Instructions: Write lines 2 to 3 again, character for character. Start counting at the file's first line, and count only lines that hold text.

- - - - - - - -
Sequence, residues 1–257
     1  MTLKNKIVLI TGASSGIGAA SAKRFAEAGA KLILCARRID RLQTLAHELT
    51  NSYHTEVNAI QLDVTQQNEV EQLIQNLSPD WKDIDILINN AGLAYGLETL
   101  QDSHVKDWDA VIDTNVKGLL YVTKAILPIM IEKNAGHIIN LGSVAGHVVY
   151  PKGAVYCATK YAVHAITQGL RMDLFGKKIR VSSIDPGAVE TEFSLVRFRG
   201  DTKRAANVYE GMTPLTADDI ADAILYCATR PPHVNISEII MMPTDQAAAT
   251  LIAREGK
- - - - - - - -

     1  MTLKNKIVLI TGASSGIGAA SAKRFAEAGA KLILCARRID RLQTLAHELT
    51  NSYHTEVNAI QLDVTQQNEV EQLIQNLSPD WKDIDILINN AGLAYGLETL